The Seattle Times

Low-graphic news index | Mobile site

Monday, August 6, 2012 - Page updated at 09:30 p.m.

Usain Bolt again world's fastest man, defends 100 gold | Olympic track

By Linda Robertson
The Miami Herald

LONDON — Lightning struck twice at the Olympics.

Jamaica's Usain Bolt stormed to first place in the 100-meter dash Sunday four years after he turned the Olympic Games' blue-ribbon event into a victory parade.

Bolt saved his celebrating until after he crossed the finish line. He used every inch of his massive stride to beat teammate Yohan Blake and American Justin Gatlin and run the second fastest time in history.

Bolt's 9.63-second clocking was a blink away from his 2009 world record of 9.58, and faster than his original world record of 9.69 from the Beijing Olympics. Bolt became only the second man to defend his Olympic title in the 100 meters, joining Carl Lewis, who won in 1984 in Los Angeles and in 1988, when Canada's Ben Johnson was disqualified after testing positive for a steroid.

Bolt did not have the quickest start, but given his 6-foot-5 height, it was a clean one. From fifth place, he overtook the field halfway through, edged farther ahead with 30 meters to go, then suddenly opened a yawning gap and chugged across the line.

He said he considered hamming it up "like I did in Beijing," but then it occurred to him he might be in world-record range. After leaning through, he pointed to the sky, jogged to the stands and slapped palms with spectators, did a somersault, tied a Jamaican flag around his shoulders and performed his pantomime as an archer pulling back a bow loaded with a lightning bolt.

Blake won the silver in 9.75, and 2004 Olympic champion Justin Gatlin of the U.S. took the bronze in 9.79.

"I was with the crowd," Bolt said. "I just ran. I ran hard. I sat in the blocks a little, but my coach had told me to stop worrying about the start. The best part of the race is the end."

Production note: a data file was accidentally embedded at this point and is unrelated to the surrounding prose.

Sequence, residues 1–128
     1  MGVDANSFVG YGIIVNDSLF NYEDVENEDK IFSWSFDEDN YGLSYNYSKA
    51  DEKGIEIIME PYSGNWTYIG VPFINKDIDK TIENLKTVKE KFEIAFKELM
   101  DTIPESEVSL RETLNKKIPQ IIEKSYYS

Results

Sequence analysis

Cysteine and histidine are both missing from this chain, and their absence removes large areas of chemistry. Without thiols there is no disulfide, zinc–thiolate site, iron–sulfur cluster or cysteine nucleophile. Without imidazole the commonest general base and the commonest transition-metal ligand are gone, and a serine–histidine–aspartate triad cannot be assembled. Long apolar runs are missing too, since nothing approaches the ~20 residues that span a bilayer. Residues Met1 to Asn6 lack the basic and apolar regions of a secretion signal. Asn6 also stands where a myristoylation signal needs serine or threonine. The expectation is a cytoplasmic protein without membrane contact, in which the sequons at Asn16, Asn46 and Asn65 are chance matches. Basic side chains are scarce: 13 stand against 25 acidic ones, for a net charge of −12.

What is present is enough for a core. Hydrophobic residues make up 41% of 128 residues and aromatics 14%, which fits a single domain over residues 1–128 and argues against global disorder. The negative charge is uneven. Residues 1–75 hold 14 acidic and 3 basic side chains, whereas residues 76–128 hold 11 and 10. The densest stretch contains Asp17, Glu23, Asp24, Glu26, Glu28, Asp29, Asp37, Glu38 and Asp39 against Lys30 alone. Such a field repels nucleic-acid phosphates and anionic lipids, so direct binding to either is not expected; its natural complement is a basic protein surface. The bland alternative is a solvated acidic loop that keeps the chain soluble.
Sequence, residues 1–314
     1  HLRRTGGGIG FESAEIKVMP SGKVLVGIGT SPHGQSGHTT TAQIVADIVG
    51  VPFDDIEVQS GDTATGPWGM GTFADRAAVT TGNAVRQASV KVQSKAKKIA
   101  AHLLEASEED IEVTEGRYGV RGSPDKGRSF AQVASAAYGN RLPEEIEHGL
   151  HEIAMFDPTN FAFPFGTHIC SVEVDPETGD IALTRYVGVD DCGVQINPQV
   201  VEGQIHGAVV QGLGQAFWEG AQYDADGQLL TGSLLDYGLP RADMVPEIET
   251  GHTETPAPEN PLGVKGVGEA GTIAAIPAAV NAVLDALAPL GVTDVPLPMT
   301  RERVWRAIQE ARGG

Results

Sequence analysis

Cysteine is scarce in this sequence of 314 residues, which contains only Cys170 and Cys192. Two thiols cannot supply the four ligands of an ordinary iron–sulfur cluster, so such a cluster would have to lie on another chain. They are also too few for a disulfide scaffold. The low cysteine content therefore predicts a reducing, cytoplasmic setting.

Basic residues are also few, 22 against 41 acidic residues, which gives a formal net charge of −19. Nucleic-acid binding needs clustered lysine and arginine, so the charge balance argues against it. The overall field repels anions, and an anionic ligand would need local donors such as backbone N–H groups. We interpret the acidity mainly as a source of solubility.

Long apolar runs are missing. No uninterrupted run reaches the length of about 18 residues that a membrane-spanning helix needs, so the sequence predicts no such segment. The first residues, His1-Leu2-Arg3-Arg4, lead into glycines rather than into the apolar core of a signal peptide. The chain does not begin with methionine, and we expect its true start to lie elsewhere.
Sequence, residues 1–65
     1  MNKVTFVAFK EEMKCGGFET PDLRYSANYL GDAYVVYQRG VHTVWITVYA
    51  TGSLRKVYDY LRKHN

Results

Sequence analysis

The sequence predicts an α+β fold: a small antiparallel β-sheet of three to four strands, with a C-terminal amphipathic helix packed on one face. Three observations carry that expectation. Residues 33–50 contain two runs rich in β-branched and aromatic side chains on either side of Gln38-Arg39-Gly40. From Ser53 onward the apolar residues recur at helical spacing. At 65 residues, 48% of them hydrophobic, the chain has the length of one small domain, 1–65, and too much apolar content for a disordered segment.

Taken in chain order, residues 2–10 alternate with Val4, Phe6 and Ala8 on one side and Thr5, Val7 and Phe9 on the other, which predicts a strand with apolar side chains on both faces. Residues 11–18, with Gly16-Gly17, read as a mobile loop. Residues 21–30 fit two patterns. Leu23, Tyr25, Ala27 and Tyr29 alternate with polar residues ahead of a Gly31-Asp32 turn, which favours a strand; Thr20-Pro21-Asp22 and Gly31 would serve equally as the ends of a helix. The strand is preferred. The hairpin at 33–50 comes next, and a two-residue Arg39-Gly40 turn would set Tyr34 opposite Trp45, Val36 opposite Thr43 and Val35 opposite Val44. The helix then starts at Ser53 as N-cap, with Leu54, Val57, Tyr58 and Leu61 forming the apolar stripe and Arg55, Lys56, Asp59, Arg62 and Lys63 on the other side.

Bolt will be favored to defend his title in the 200 meters and in Jamaica's 400 relay, which would give him six golds in two Olympics. He said he's only completed the first step of his goal to become "a legend."

"He will definitely do something nasty in the 200 — if he was going to lose, it would have been in the 100," said Richard Thompson of Trinidad and Tobago.

Bolt ate a pre-race breakfast at McDonald's, but unlike in Beijing, he had no Chicken McNuggets.

"It means a lot because people were doubting me and there was a lot of talk," Bolt said. "I'm glad to prove I'm No. 1. That's what I do. I show up on the day."

Gatlin, first at the Athens Olympics, banished two years later with a four-year doping ban, became the fourth American man to win multiple medals in the event. Tyson Gay, who owns the third fastest time in history, finished fourth by .01 and was crying afterward at missing another chance at Olympic glory.

"The entire world says he's unbeatable, and right now he is," Gay said of Bolt. "I tried my best. I just came up short."

Copyright © The Seattle Times Company

Low-graphic news index
E-mail us
Search archive
RSS feeds
Graphic-enabled home page
Mobile site

Copyright © 2010 The Seattle Times Company